African Ancestry

Dr. Charlotte Hawkins Brown, age 35, c. 1918

This page is designed to assist those of African ancestry in tracing their roots through Guilford County. Any suggestions and contributions of information are welcome.

Underground Railroad

Slaves were considered property.  Therefore county court minutes before the Civil War contain occasional references to slaves. Also, those doing pre-Civil War research should check deed records, as slaves are reflected in some deeds, in addition to wills and estates.

Slaves Mentioned in Guilford Wills

William Adams will, written 1834 and probated 1835, mentions negro Manuel and his wife Ruth, and negro girl Grace and her child.

John Burney‘s will, written and probated in 1794, mentions “negroe Jeffery”

William Burney‘s will, written 1823 and probated 1824, mentioned the following:
Lizzy – given to his wife and then daughter Rebeccah after wife’s death
unnamed girl slave in daughter Sally Spence’s possession
girl slave named Seal given to daughter Peggy Thomas
Jim and Garison given to son Josias Burney

James Criswell‘s will, written 1822 and probated 1823, mentions Derry (male slave), to be set free at Criswell’s death

William Criswell‘s will, written in 1816 and probated in 1819, mentioned negroes who were given to brother James and sister Mary Criswell; those negroes were not named.

James Dick‘s will, written 1825 and probated 1826, mentions:
negro boy Jo, negro girl Eliza, negro woman Hannah – given to son Hiram Campbell
negro girl Maria, negro woman Rachel – given to daughter Jane M. Dick
negro man Martin – given to son Reuben [Reuben ended up in Madison County, TN]
negro boy George – given to son Thomas
negro boy Jacob – given to son John M.

Thomas Dick‘s will, written 1820 and probated 1821, mentions:
negroes Jim, Harry, and wife Jennie – given to son John W.
negro girl Looey – given to daughter Martha W.
negro Abram, boy Masdey, man Frank – given to son Thomas J. [who died unmarried a few years later]
negro boy Manuel – given to Thomas Lindsay, son of Andrew Lindsay

Robert Lindsay‘s will, written 1818 and probated 1818, mentioned:
negroes Charles, Mary, Chaney, and Fan – given to wife Letty
negro Jake – given to son A. T. Harper Lindsay
negro boy James – given to son Jesse H.
negro Frank – given to son Robert

George Nicks‘ will, written 1838 and probated 1838, mentioned:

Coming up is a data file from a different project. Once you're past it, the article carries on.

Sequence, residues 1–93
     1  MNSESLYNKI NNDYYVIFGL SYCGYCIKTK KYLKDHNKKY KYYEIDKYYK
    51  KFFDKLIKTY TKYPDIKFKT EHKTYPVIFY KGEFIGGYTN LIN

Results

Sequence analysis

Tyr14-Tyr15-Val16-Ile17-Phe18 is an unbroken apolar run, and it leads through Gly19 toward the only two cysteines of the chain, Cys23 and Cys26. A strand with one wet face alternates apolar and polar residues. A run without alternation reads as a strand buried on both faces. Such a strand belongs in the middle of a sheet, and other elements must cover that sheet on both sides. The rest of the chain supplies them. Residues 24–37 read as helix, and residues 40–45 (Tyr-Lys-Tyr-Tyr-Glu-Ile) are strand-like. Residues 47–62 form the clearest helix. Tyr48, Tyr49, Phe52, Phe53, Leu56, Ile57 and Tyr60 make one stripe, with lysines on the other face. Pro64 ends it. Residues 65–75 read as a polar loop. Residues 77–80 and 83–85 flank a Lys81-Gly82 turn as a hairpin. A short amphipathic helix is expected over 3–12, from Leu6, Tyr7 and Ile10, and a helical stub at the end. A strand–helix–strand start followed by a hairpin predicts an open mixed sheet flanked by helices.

negroes Susan, Siller, Milton, William, and Rachel – given to wife Elizabeth
negro girl Clarisa, negro boy Nelson – given to children of son John, who were Elizabeth and John
slave Julia – given to children of deceased daughter Sarah Gibson, who were Elizabeth Richardson, Andrew Gibson, James A. Gibson, Alfred Gibson, Adaline Gibson, and John Gibson
negro girl Jediann, negro boy Madison – given to children of daughter Margaret, who were Quinton N. Davie, Ashburn Davie, John C. Davie, Elizabeth Davie, Lortoro M Davie, and George Davie’s children [George being deceased]
slaves Alfred and Letitha – given to grandson Calvin N. McAdoo
negro boy Rufus – given to daughter Elizabeth McAdoo

John Paisley‘s will, written 1811 and probated 1811, mentioned:
negroes Milly and Aaron – given to son William
negroes Gilbert and James – given to son James
negroes Sophia and Teny – given to daughter Nancy Hannah
negroes Peter, Cate, and Dick – given to son John
negroes Emmy and Isaac – given to son George
negroes Rose and Mary – given to daughter Elizabeth Gibson
negroes Jenny and Moses – given to daughter Mary Ann [surname was still Paisley]

Joel Sanders‘ will, written 1814 and probated 1814, mentioned:
coloured man Tony – was given the “land bought of Jesse Dillon”
[Joel Sanders was a Quaker and owned the Old Mill of Guilford]

Adam Scott‘s will, written 1837 and probated 1838, mentions:
negro girl Riah – given to wife Polly
negro boy Pink – given to son Adam
negro boy Charles and negro girl Harriet – given to daughter Polly Donnell
negro girl Suck and offspring – given to daughter Louisa Neely

Robert Scott‘s will, written 1791 and probated 1791, mentioned negro girl Patience, who was given to wife Mary, provided his wife didn’t marry for two years.